Urban Myths: Are GSA’s prices fair and reasonable?

Over the years, some have questioned whether GSA Schedule prices are fair and reasonable, and such concerns have led to the General Services Administration launching efforts, such as Transactional Data Reporting and horizontal pricing analysis, to demonstrate that it is dedicated to offering its customers “competitive” (however defined) prices. Now comes an MBA Professional Report published by the Naval Postgraduate School, which provides a business case analysis comparing GSA Advantage to Amazon Business from the standpoint of prices and processes. The study was completed in response to a request from the Air Force, which is considering entering into a pilot with Amazon Business in order to strategically source micro-purchases using an online platform.

The results of the study may be surprising in light of the recent legislative activity and discussions surrounding online acquisition options for government. They also might inform those who cast a skeptical eye toward the value and vitality of the GSA Schedules Program. The authors gathered data on the top 60 commercially available items purchased by the Air Force using government purchase cards (GPCs) and compared the acquisition outcomes on GSA Advantage and Amazon Business. They found that:

  • Prices were lower on GSA Advantage more than 80 percent of the time.
  • Although both platforms offered quantity discounts, prices on GSA Advantage were still lower than those on Amazon Business after applying the discounts.
  • Shipping was both cheaper and faster on GSA Advantage than on Amazon’s platform (an average of 5.45 days with free shipping on GSA Advantage versus an average of 9.25 days at an average cost of $2.33 on Amazon).
  • Every item the study reviewed was sold by at least one small business on GSA Advantage. By comparison, only 35 percent of the items were sold by a small business on Amazon. In addition, the authors had difficulty identifying the small business status of suppliers on the Amazon Business platform.

Despite the benefits that the report identifies, GSA Advantage still has areas that could be improved:

  • The authors surveyed GPC holders and found that 70 percent preferred the Amazon platform to other platforms.
  • Minimum order requirements on GSA Advantage were unpopular among government buyers, and survey respondents felt that GSA Advantage’s search function was misleading because the minimum order requirements were not displayed in the search results.
  • Despite results that indicated the prices are lower on GSA Advantage —
  • More than 64 percent of buyers surveyed believe that prices on Amazon.com are lower than other online ordering websites.
  • Only 10 percent of survey respondents believed that GSA Advantage’s prices were lower than other online ordering sites.
  • More than 90 percent of the buyers surveyed believed that product reviews are important when making purchasing decisions. GSA Advantage affords limited, if any, access to product reviews, but such reviews are widely available on Amazon.

A key takeaway here is that, notwithstanding demonstrated benefits of GSA Advantage, user experience is very important. Thus, at a minimum, GSA should review the results of the report and work to improve its platform by updating the user experience and improving the search function. Likewise, a thorough review of the minimum order requirements on Schedules also may be in order. At the very least, GSA might consider displaying the minimum order requirements within the search function to provide clarity for government users. GSA should also engage in an outreach and education program among GPC holders, and seek to clarify misconceptions about GSA Advantage; particularly in light of the report’s findings regarding pricing.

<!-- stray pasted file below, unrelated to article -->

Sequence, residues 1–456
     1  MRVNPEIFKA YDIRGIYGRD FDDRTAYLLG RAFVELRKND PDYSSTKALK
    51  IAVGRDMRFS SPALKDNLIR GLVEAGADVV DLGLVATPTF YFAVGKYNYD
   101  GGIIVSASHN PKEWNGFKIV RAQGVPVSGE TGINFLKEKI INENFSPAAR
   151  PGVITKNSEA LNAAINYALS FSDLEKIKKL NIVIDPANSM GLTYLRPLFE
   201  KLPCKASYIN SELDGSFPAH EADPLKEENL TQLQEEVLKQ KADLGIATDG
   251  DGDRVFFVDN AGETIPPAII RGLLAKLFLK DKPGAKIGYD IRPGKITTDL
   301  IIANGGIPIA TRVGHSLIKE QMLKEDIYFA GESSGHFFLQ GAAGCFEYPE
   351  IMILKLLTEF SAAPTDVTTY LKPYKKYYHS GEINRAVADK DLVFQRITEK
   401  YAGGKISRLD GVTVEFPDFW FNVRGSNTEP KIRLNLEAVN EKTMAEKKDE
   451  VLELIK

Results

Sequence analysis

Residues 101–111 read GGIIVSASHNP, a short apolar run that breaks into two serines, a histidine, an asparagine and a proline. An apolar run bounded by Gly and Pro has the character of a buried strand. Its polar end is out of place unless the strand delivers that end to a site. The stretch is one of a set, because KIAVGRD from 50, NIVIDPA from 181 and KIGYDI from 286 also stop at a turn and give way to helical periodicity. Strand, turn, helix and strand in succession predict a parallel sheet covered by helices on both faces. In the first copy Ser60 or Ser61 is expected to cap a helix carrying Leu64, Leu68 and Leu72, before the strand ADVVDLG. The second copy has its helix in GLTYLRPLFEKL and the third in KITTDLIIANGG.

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Ultimately, this report addresses some perhaps unfair urban myths about the GSA Schedules, and it is great news for GSA. It highlights the value of the Schedules program, which negotiates with industry to ensure that products that meet the Trade Agreements Act, small business, AbilityOne, and other government requirements are available on GSA Advantage at “competitive” prices. Moreover, taken with the Order Level Materials Rule that was finalized this week, it shows that the Schedules program still is a relevant and viable channel, through which, the agencies may meet their needs safely and effectively. Federal Acquisition service Commissioner Alan Thomas stated during the Section 846 public meeting earlier this month that GSA is not standing still as it continues to look for ways to improve its programs. Here, it appears that GSA is starting from a position of strength as it moves forward.

Finally, it is important to note that the federal government spent more than $28 billion using GPCs during 2017. Given the size of this purchasing activity, there must be careful and thoughtful consideration of the approach to online acquisition moving forward, as the decision here could have a significant impact on the market. For instance, if these purchases are strategically sourced through a single e-commerce platform, rather than multiple portal solutions/providers, transaction fees alone could represent a windfall, if not a subsidy, to a vendor and thereby impact competition, small business participation, fairness, and, potentially, the government’s access to innovation.

The Coalition recommends this study to all stakeholders for their consideration. As we continue to assess the findings, we expect more issues to arise, and if they do, we will address them in future blogs.

Roger Waldron is the president of the Coalition for Government Procurement, and host of Off the Shelf on Federal News Radio.